Everyone’s been there. You pull out a bottle of wine for dinner, only to find it’s past its prime.
Even if there’s already plenty of cooking wine in the fridge, don’t dump that bottle down the kitchen sink. Make vinegar instead.
“Unlike store-bought vinegar, which can have an aggressive or sharp vinegar flavor, homemade vinegar has a softer tang to it and more alternative flavors that step forward,” says Toni Dash, a professional writer and blogger at Boulder Locavore.
Here’s a basic guide on how to create vinegar from unwanted wine.
What types of wine can be used for making vinegar?
While many undrinkable wines can still make great vinegar, there are things to consider when picking the right one. First, look for a wine that’s low in sulfur.
Sulfur dioxide is not good for the microbes and bacteria that oxidize the alcohol and convert it to acetic acid, says Jorge Ramirez-Perez, assistant winemaker at Stag’s Leap Wine Cellars in Napa, California. Acetic acid gives vinegar its distinctive taste and aroma.
“If someone is using any open bottle of wine that was not tasty to them, just leave the wine open for a couple of days to allow any sulfur dioxide to dissipate,” says Perez.
Dash recommends low-sulfite or sulfite-free wine. Red wines may work better than white wines because they tend to receive lower additions of sulfites in the winemaking process.
Although the microbes need some alcohol to convert to acetic acid, too much will kill them off. Perez recommends a wine with an alcohol content of 12% or less.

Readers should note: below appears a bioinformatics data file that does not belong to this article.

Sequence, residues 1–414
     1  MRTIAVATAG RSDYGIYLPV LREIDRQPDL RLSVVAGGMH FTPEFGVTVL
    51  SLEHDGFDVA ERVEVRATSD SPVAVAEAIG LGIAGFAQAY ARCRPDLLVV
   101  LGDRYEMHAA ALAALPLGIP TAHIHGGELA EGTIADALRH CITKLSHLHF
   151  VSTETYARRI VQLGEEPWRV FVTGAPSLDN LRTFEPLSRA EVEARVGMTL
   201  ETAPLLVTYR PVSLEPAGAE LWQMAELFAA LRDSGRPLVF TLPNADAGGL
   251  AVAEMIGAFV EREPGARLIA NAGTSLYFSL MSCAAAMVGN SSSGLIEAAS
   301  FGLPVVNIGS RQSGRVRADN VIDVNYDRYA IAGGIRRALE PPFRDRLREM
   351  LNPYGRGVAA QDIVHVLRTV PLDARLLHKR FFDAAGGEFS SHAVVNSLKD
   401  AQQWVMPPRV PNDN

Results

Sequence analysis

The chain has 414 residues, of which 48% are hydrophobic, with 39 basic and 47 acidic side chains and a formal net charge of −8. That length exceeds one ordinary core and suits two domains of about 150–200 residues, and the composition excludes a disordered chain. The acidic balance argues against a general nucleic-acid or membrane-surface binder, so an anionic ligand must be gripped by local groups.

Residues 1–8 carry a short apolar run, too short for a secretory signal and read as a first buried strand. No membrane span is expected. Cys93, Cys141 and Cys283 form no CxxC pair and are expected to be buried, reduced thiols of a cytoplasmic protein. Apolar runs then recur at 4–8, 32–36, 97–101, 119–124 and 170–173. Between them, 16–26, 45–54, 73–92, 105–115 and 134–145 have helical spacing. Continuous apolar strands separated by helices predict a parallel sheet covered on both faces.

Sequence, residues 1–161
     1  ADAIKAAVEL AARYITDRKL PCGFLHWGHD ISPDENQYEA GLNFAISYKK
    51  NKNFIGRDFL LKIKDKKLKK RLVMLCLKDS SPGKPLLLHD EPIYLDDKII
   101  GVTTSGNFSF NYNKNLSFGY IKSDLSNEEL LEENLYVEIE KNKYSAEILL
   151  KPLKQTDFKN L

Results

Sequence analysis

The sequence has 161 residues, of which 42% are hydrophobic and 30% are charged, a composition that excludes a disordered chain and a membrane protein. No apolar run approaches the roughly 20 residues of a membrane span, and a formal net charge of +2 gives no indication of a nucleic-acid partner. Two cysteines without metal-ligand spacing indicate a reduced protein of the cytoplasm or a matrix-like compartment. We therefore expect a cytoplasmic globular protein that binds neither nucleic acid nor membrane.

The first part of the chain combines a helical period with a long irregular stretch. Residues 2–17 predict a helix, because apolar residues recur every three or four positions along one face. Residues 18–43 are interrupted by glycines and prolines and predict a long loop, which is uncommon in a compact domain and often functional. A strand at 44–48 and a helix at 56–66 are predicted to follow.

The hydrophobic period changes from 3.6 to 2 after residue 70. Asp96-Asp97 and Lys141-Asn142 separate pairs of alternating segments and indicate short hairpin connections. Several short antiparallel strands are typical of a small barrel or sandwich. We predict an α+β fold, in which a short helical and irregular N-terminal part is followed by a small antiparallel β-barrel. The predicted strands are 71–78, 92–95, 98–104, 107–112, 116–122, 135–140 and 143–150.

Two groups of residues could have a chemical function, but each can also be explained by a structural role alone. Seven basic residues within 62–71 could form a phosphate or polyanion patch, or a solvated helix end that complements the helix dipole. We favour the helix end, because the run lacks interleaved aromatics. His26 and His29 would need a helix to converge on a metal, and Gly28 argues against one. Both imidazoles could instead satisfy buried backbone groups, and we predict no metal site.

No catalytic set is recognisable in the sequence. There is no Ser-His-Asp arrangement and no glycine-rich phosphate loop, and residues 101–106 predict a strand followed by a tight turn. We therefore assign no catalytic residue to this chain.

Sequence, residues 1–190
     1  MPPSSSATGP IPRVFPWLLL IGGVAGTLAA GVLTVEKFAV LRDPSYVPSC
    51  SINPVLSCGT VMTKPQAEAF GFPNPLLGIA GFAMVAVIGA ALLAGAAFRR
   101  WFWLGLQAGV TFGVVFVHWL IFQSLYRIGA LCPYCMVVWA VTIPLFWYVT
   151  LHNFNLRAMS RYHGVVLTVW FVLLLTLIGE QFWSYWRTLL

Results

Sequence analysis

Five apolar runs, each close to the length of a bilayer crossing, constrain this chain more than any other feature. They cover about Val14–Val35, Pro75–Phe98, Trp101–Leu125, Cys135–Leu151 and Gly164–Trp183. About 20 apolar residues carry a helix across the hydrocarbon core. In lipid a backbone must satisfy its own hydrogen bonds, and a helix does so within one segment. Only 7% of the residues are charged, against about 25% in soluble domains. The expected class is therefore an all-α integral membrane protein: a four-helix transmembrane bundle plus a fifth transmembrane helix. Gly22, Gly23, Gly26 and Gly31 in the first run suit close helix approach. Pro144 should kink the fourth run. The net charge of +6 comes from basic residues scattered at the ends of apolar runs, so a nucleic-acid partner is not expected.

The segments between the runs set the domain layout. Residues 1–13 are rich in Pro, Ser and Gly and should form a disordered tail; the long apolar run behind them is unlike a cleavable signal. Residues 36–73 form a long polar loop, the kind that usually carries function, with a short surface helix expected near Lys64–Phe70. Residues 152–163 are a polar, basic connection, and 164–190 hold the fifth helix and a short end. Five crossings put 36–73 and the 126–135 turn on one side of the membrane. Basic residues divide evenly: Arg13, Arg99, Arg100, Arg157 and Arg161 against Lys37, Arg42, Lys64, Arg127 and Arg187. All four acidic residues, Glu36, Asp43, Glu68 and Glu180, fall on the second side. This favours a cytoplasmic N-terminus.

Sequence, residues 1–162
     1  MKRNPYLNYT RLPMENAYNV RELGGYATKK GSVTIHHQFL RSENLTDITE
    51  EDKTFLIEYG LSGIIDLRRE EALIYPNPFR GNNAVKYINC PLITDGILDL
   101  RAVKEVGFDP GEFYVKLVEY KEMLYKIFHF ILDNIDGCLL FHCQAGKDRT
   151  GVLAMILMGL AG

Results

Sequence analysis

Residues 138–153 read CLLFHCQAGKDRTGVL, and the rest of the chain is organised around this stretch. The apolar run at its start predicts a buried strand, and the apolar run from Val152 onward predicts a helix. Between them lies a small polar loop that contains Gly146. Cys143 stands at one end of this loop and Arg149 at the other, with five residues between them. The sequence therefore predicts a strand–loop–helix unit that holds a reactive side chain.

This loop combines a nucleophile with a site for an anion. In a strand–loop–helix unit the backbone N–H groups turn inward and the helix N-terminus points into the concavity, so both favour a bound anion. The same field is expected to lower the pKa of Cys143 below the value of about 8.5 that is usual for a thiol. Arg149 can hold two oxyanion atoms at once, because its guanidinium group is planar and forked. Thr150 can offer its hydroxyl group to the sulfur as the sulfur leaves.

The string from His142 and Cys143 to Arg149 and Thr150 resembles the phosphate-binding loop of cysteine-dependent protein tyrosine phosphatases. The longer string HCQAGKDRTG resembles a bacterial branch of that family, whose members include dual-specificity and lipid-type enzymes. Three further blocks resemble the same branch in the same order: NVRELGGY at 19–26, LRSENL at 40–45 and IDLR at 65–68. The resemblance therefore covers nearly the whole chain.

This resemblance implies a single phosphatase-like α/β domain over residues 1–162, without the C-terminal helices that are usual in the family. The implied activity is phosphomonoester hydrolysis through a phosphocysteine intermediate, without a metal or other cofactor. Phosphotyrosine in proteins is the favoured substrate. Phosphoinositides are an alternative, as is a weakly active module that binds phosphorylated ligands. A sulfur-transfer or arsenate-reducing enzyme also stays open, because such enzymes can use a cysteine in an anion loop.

Can faulted or flawed wine be used for vinegar?
There are only a few faulted wines that can be used for vinegar. Wines with hints of volatile acidity aren’t a problem because it’s typically caused by acetic acid.
Wine with some Brettanomyces can be used to make vinegar.
“The bacteria will produce more volatile aromas that overpower any Brett characteristics the wine may have,” says Perez. “This also will carry over in the taste, since it is going to be very acidic.”
“Any major faults in the wine may still stand out in the vinegar if not hidden by the acetic acid aroma or acid taste,” says Dr. Anita Oberholster, cooperative extension specialist in enology at the Department of Viticulture and Enology at the University of California-Davis. “I follow the same rules for cooking with wine. Do not use faulty wine for cooking. You will just make bad-tasting food.”
How do you make vinegar from wine?
Turning wine into vinegar requires a collection of microbes called a mother vinegar.
There are different mothers from wine, cider and other kinds of vinegar. Dash advises to buy one that’s specific to the type of vinegar you’d like to make.
While it’s possible to make a mother vinegar, it can take several weeks. If you can’t find a local vinegar maker willing to share theirs, it may be easier to buy one from a natural food store, fermentation store or online.
Combine the mother, 16 ounces of wine and 8 ounces of water in a sterilized glass or ceramic jar. Don’t use plastic, as the acid will react with it. Dash uses glass because it’s easier to see if something is going wrong with the vinegar and correct any problems.
Cover the jar with several layers of cheesecloth. Store it in a dark spot with good air circulation and a temperature between 70–80 °F.
“Feed the mother regularly,” says Dash. “Adding wine throughout the process ensures a new supply of wine for the vinegar conversion.”
Try not to move the jar, which disturbs the mother vinegar while at work.
It can take several months for the vinegar to be ready. For more details on how to make vinegar at home, check out Dash’s tutorial or consult a local university extension service office.
How should you store the vinegar?
The safest method to store homemade wine vinegar is to pasteurize it. Once your vinegar is ready, heat it, pour it into sterilized jars and place them in a hot water bath. Heat the vinegar until it reaches between 140–160°F. Maintain the temperature for 10 minutes.
Cool the jars, cover them and store them in a cool, dark place.